Insights > Backyard Work Presents Unique Challenges for Crews

Backyard Work Presents Unique Challenges for Crews


For crews restoring power in Louisiana following Hurricane Ida, backyard work presents unique challenges, like using a mini derrick to transport materials and perform work in tight spaces. This has been a major hurdle for crews to overcome over the past few weeks, particularly in the River Parishes.

Backyard work requires careful planning and generally takes longer to complete compared to work along an open, established roadway. Oftentimes, crews must perform more manual labor, like digging rather than drilling with a mechanical auger or climbing poles rather than using a bucket truck to reach equipment. They also may have to haul materials between houses with special equipment where a bucket truck cannot fit. All of this can make the job take longer; replacing a pole, for example, can take twice as long.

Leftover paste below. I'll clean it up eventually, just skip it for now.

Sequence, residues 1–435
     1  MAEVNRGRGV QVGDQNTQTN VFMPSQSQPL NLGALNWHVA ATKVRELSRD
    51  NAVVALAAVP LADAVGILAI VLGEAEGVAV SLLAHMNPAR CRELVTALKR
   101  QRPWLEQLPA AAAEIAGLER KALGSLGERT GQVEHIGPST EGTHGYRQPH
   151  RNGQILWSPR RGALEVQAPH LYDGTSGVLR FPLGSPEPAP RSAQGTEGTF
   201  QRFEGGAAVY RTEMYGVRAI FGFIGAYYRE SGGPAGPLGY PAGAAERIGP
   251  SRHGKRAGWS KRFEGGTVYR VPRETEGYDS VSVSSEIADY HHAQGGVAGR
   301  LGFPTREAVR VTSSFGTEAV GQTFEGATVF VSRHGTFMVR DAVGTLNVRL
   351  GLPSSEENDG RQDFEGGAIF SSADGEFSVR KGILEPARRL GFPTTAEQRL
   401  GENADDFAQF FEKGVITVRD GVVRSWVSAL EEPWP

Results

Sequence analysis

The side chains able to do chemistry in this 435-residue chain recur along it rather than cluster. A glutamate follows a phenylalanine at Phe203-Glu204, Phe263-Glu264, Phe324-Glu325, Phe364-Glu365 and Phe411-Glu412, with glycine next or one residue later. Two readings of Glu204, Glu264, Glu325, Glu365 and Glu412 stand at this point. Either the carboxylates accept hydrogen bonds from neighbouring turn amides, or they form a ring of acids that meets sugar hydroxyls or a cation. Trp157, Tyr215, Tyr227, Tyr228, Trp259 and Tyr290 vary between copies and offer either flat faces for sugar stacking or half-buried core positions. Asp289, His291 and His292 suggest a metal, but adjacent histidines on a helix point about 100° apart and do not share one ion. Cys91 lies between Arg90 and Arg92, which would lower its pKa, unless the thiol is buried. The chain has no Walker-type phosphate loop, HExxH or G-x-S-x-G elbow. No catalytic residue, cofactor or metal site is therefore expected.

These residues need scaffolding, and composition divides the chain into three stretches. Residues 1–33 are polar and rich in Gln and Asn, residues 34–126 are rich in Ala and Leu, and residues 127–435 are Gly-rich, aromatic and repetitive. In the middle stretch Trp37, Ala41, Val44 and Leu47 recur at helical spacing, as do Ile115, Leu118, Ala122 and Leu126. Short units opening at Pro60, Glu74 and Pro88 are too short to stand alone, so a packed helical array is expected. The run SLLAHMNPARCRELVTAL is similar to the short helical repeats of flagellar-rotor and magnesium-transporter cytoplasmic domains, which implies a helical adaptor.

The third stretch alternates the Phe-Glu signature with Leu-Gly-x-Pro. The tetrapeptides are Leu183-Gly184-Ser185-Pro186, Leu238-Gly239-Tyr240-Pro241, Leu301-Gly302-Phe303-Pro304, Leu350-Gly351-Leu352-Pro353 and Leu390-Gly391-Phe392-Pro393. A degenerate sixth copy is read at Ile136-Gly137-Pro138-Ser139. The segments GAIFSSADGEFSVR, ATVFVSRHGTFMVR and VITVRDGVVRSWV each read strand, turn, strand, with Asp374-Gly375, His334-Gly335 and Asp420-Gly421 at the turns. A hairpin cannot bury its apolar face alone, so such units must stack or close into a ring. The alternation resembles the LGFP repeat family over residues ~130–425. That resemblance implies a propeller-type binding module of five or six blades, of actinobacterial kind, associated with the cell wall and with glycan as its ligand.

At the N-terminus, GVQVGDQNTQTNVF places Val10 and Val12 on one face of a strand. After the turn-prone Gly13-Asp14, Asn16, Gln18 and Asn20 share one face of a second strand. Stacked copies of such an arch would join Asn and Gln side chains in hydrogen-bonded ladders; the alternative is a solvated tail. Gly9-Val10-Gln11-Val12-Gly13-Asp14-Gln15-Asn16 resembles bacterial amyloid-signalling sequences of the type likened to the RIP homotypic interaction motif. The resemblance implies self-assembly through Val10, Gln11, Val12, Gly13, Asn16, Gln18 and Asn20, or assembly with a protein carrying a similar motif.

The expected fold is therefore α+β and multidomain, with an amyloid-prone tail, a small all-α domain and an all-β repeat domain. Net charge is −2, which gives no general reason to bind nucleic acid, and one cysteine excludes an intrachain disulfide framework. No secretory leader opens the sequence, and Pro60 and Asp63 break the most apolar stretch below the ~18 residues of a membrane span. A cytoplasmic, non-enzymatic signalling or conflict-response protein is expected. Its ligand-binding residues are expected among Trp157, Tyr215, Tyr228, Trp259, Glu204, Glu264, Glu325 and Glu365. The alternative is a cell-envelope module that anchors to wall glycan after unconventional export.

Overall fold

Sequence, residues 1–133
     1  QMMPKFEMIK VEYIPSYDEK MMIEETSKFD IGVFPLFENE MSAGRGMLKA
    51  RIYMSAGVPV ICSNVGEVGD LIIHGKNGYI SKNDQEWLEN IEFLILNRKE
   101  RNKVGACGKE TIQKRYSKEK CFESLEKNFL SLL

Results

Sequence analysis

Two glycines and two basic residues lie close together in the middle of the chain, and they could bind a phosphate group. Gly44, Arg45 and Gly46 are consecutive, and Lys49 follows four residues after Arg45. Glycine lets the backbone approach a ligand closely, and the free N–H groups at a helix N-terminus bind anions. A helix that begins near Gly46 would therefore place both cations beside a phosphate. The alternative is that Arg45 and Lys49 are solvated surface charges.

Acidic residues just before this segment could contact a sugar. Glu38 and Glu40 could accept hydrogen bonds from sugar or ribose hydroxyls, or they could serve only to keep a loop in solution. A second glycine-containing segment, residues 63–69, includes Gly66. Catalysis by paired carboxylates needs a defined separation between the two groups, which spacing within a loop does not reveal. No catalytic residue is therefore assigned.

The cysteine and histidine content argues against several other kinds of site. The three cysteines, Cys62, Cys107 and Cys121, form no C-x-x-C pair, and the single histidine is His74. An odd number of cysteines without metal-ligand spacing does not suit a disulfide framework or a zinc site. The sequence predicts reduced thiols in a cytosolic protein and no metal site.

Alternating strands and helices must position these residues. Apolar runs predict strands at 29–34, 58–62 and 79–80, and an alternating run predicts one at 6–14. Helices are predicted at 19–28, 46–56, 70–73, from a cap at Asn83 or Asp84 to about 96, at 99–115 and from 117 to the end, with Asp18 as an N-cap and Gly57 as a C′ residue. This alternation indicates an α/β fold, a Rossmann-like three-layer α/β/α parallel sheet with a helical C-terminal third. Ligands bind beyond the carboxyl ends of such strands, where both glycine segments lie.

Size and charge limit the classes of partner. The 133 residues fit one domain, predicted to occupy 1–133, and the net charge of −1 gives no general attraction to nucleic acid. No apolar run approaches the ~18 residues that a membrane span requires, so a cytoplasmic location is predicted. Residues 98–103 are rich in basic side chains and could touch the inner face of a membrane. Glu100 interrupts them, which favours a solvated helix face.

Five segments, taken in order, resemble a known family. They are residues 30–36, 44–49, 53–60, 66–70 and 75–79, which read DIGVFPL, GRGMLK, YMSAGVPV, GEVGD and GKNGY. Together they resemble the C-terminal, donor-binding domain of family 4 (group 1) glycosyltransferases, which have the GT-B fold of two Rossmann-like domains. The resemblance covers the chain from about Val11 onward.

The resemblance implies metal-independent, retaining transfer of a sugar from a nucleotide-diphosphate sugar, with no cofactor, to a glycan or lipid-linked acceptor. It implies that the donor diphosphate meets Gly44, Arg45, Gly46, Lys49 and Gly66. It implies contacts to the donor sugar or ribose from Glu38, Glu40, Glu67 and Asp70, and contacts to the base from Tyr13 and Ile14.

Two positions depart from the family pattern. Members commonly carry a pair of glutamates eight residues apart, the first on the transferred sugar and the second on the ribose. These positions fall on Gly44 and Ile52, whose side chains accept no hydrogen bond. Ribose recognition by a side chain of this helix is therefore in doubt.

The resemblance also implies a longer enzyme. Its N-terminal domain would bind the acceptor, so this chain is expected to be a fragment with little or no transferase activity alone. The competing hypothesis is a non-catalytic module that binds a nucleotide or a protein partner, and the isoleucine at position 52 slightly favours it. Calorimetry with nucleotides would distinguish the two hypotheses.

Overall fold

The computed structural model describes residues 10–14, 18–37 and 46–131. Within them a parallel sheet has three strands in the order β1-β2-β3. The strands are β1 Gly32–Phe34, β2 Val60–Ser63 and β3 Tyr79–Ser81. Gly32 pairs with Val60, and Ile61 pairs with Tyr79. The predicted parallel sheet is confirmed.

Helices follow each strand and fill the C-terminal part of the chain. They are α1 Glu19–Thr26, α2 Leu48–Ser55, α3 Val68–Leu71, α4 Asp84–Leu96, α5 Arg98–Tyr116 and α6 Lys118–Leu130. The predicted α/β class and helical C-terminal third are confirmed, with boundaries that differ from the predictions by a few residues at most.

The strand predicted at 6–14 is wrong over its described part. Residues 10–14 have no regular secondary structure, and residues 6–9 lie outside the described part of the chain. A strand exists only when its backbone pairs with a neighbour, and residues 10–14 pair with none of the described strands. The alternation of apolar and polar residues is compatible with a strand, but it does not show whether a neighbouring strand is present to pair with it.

Even in situations where crews can reach damaged equipment with a bucket truck, most backyard work involves vegetation which requires the need to remove trees and limbs or fences to gain access. And in situations where a pole is being replaced, crews must wait until a survey is done to locate underground lines or pipes before digging.

“While these types of repairs are more difficult, it’s nothing we haven’t done before,” said John Hawkins, Entergy’s vice president of distribution operations in Louisiana. “This is just another obstacle for us to overcome in bringing power back to these communities. But rest assured we will get it done.”

For the latest information on our Hurricane Ida restoration efforts, visit

Matthew Bennett
Communications Specialist II